Road Bike, Cycling Forums banner
1 - 20 of 23 Posts

·
Registered
Joined
·
95 Posts
Use a rag and some chain oil. ;)

You can use some thin all purpose oil like WD40 instead, but then you have to wait for it to evaporate and thoroughly lube your chain with chain oil.

Don't forget to wipe of superfluous oil before you ride, this way less dirt will stick to the chain.
 

·
Registered
Joined
·
21,832 Posts
No cleaner

swang169 said:
I saw this deal on pbk for this chain cleaner. Never had one before, usually just clean my chain with a rag. So my question is is a chain cleaner really better and is it worth the $8 investment? Also, it'd be great if anyone with this specific chain cleaner could comment/review.
No need for a chain cleaner. Assuming we're talking road riding, use the following technique for successful ProLink or homebrew lube (1 part motor oil to 3-4 parts odorless mineral spirits) application and use:

1 - wipe the chain, cogs, pulleys, and chainrings clean with a rag.
2 - drip on lube while pedaling slowly so that the chain just starts to drip lube. Aim the lube between the side plates and between the bushings and the side plates.
3 - keep pedaling the cranks for a minute or so to loosen all the dirt on the chain and to get full penetration of the lube.
4 - thoroughly wipe the chain, cogs, pulleys, and chainrings clean with a rag.
5 - repeat steps 2-4 if the chain was really dirty

Do this AFTER a ride, as you want to allow time for the solvent to evaporate before you head out on the road. If you do this every 300 miles or so (or when you get caught in the rain or other dirty conditions), you will not get any significant gunky buildup, and you won't have to clean the chain or the cassette. This leaves lube on the inside parts, and wipes it off the outside parts, minimizing dirt pickup.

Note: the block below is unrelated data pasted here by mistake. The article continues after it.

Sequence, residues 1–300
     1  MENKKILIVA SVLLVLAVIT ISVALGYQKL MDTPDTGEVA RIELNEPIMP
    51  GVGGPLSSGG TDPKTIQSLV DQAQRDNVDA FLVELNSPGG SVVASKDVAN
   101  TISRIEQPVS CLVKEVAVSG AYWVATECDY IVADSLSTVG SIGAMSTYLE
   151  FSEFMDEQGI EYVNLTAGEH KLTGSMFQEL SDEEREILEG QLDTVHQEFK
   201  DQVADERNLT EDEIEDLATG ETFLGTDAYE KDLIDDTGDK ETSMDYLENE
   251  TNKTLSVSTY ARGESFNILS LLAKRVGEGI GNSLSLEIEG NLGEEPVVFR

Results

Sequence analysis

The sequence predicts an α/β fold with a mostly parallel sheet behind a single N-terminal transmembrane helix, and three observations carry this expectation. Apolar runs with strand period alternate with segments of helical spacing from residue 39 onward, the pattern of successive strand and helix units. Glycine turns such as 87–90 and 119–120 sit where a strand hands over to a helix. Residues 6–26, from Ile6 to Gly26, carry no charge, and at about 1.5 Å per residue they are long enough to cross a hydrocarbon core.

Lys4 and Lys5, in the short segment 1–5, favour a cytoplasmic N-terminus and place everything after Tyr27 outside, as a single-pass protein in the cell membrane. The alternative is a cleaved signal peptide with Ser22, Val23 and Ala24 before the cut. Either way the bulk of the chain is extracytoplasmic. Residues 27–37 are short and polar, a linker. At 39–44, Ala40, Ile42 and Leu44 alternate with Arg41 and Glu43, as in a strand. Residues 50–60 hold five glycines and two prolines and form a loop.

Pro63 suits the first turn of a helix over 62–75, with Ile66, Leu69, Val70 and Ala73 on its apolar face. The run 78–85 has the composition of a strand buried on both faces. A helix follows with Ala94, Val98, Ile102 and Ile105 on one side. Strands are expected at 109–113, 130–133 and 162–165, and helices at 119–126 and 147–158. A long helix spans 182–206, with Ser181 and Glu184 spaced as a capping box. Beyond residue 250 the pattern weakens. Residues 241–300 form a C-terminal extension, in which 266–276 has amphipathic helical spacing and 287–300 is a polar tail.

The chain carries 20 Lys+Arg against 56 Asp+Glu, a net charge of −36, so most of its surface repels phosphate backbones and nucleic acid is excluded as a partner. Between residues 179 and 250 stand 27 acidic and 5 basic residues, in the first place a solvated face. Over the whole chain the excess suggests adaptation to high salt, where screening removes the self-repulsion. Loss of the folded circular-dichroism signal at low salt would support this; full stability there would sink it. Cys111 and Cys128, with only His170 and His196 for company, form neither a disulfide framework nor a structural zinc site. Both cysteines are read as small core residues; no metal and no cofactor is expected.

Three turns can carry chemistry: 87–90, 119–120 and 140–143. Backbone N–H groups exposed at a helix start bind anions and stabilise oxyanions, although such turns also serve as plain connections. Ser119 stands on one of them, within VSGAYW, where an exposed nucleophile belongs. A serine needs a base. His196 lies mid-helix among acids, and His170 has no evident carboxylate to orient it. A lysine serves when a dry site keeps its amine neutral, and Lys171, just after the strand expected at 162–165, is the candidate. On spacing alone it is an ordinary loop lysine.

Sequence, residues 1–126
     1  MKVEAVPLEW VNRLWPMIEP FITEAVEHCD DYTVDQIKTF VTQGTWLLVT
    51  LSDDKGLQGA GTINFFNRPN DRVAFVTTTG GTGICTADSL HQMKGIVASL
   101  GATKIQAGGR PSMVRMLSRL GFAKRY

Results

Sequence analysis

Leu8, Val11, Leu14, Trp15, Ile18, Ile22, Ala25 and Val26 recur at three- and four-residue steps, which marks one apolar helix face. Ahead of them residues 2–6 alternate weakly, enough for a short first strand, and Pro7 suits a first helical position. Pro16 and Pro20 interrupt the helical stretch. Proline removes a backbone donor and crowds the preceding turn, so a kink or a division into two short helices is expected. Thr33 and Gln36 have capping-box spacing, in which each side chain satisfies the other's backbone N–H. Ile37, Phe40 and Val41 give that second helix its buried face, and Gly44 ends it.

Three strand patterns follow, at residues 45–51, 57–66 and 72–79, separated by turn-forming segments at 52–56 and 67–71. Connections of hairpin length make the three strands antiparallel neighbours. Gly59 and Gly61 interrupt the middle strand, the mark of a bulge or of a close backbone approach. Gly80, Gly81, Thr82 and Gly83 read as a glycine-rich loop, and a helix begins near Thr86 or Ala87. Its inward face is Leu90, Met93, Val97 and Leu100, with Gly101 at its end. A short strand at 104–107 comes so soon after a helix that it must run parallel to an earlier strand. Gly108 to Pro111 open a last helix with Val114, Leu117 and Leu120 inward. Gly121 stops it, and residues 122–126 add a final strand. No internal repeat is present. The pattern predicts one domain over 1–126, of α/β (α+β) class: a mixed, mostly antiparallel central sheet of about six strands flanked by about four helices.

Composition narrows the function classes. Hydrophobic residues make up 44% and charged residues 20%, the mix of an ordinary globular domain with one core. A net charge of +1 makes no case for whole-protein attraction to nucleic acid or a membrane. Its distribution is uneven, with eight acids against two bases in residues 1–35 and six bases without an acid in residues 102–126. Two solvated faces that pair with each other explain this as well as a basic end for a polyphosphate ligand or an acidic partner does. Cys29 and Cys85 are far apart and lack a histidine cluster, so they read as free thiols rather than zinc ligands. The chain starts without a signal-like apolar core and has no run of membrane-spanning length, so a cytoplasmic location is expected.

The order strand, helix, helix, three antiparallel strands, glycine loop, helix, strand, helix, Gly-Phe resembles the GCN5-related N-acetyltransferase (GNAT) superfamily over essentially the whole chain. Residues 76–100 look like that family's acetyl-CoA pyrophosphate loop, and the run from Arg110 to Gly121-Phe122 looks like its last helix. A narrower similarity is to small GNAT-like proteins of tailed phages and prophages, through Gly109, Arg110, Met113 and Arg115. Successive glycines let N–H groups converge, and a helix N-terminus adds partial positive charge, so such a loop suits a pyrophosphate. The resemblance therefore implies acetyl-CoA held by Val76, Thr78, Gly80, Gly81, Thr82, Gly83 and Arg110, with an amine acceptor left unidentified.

·
Registered
Joined
·
201 Posts
I went the longest time cleaning with a rag and bristle brush. One day at the LBS, I decided to "splurge" and spent $20 on a Park chain cleaner.

It made cleaning the chain A LOT easier. In the past, I used to put off cleaning the chain because it was such a pain. Lots of rags, dirty hands, etc. The chain cleaner is a lot easier and more convenient than rags. I'm more inclined to clean the bike now.

The comment about having to clean the cleaner is true...that thing gets awfully dirty. You can do just as good a job without the tool, but it's less efficient.

If you can get one for $8, what's the harm in trying it out for yourself. I've been known to blow more than that on a single drink.

Ray
 

·
Registered
Joined
·
2,620 Posts
I'm not sure how this cleans the chain.
Looks like you put that in the rear dropouts so you can take the back wheel/cassette off for cleaning. While they are drying you can crank your chain around but it still seems like you would use a rag.
You could probably use it as a spacer if you needed to pack your bike with the back wheel off.
I was going to buy this and the T handle wrenches on sale but the wrenches only came in two very small sizes so I passed on everything.
 

·
Eager Learner
Joined
·
233 Posts
I hate to say it, but I wanted one bad. I had never had a clean chain before (never had a road bike either really, and didn't know a chain was supposed to be clean, but rather, greased). Anyway, got a road bike, bought the Finish Line chain cleaner b/c I thought it was supposed to be the best. Used it once or twice. couldn't get that dang chain clean.

Looked for advice here, found it, and now have an AWESOME clean chain, thanks to Odorless Mineral Spirits. I won't go back!
 

·
eRacer
Joined
·